Twitter YouTube LinkedIn

AAPS 2007 Annual Meeting, May 19 - 22, 2007, The Coeur d'Alene Resort, Coeur d'Alene, Idaho.
Back to Scientific Program
Back to Annual Meeting

The Evaluation of VAC® Wound Fluid from Diabetic and Non-Diabetic Wounds: Levels of VEGF, Il-1, EDA-Fibronectin, Collagen Correlation with Fibroblast Function
Reza Miraliakbari, MD, Donald R. Mackay, MD, H. Paul Ehrlich, PhD, Robert Grunfeld, MA, Reza Roghani, BA, Jason Hancey, MD, S William Hazard, MD, Noel Natoli, MD.
Penn State Hershey Medical Center, Hershey, PA, USA.

Purpose: Vacuum-Assisted Wound Closure, VAC®, is an effective method for expediting the closure of chronic wounds. Diabetic patients with chronic wounds are commonly encountered and are significant cost in the health care system. The pathological mechanism underlying impaired diabetic wound healing and the influence of VAC® treatment on diabetic wounds is unclear. In the current study, the effect of diabetic and non-diabetic VAC® wound fluid upon human dermal fibroblast migration is correlated with the synthesis of collagen, fibronectin and cytokines.
Methods: VAC®-treated wound fluid was collected from 24 non-Diabetic (non-DM) (98 collections) and 18 Diabetic wounds (DM) (77 collections). Collections were made over an average period of 7 to 10 days. For the final analyses only patients with chronic lower leg wounds were compared, including 8 non-DM (40 collections) and 10 DM (46 collections). Cell migration studies were executed using human dermal fibroblasts. EDA-Fibronectin and collagen type I levels were determined by Dot-Blot and Western blot analysis. ELISA immunoassay measured IL-1 Beta and Vascular Endothelial Growth Factor (VEGF).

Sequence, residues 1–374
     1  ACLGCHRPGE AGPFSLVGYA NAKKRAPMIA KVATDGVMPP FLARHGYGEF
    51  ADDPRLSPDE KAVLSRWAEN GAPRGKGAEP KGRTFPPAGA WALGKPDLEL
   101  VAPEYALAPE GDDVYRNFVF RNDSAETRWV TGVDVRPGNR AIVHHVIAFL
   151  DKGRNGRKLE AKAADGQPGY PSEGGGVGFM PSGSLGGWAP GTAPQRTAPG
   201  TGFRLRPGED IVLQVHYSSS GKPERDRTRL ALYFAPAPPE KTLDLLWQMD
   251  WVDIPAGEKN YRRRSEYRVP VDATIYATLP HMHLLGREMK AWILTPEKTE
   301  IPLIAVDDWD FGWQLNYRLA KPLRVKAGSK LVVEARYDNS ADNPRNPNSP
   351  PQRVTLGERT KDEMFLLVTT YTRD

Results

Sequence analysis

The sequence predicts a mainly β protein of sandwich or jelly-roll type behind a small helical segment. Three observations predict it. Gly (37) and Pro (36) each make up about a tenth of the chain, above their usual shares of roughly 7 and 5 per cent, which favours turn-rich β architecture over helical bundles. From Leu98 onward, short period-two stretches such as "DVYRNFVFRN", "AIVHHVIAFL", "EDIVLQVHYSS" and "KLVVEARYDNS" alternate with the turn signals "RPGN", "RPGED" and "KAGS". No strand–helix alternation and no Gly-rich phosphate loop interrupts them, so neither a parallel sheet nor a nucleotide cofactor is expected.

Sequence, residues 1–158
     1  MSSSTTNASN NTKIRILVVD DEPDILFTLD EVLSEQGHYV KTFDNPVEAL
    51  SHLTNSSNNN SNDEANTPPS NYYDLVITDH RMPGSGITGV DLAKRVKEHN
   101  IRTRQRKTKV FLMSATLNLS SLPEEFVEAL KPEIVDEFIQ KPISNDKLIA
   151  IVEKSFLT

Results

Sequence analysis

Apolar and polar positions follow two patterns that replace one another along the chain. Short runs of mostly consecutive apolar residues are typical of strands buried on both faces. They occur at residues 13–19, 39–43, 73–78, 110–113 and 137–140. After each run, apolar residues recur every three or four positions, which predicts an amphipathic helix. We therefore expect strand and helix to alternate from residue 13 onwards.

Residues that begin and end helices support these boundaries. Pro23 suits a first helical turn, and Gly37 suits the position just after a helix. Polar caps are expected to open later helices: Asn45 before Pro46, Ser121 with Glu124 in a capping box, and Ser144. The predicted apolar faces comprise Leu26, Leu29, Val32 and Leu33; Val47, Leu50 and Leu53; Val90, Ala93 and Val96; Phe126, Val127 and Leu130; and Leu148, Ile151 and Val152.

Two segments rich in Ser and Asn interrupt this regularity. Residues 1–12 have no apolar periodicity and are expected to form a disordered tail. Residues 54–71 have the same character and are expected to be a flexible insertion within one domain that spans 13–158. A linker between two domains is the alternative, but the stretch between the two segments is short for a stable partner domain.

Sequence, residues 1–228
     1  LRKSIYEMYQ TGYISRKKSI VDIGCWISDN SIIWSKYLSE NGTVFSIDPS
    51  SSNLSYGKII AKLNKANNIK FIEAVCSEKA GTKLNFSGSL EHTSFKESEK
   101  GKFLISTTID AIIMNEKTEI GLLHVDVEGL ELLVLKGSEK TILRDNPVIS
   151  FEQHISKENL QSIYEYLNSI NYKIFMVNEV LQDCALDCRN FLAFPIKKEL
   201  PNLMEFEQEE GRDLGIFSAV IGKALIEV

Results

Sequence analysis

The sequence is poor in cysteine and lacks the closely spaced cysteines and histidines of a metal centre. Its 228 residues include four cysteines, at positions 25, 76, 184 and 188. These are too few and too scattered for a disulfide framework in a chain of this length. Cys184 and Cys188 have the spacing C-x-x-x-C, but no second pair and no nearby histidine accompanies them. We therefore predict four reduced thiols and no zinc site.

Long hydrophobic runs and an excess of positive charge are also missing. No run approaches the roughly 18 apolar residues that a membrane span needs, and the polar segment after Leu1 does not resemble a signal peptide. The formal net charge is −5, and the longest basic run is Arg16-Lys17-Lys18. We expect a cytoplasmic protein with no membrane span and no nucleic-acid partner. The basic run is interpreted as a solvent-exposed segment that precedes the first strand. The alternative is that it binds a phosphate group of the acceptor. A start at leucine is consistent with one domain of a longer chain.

Results: DM wounds exhibited greater levels of IL-1 and VEGF (p<.05), diminished cell migration, and decreased fibronectin levels as compared to non-DM (p <.05) wounds. Diabetic wound fluids expressed lower levels of wound protein (fibronectin or collagen), as compared to non-DM wounds over the treatment course.
Conclusion: This study corroborates previous findings regarding higher levels of IL-1 and lower collagen levels in DM wounds. However, higher VEGF levels and diminished cell migration in DM wounds have not been previously reported. Depressed fibroblast function is evidenced by lower cell migration and lower protein synthesis. On the other hand, elevated cytokine levels may reflect an attempt by the wound milieu to promote wound closure. These findings add to the growing body of knowledge in elucidating impaired wound healing in diabetic wounds. Additional research is underway to further study the basic physiology in diabetic wound healing.

Back to Scientific Program
Back to Annual Meeting
Quick Links
Annual Meeting
Twitter YouTube LinkedIn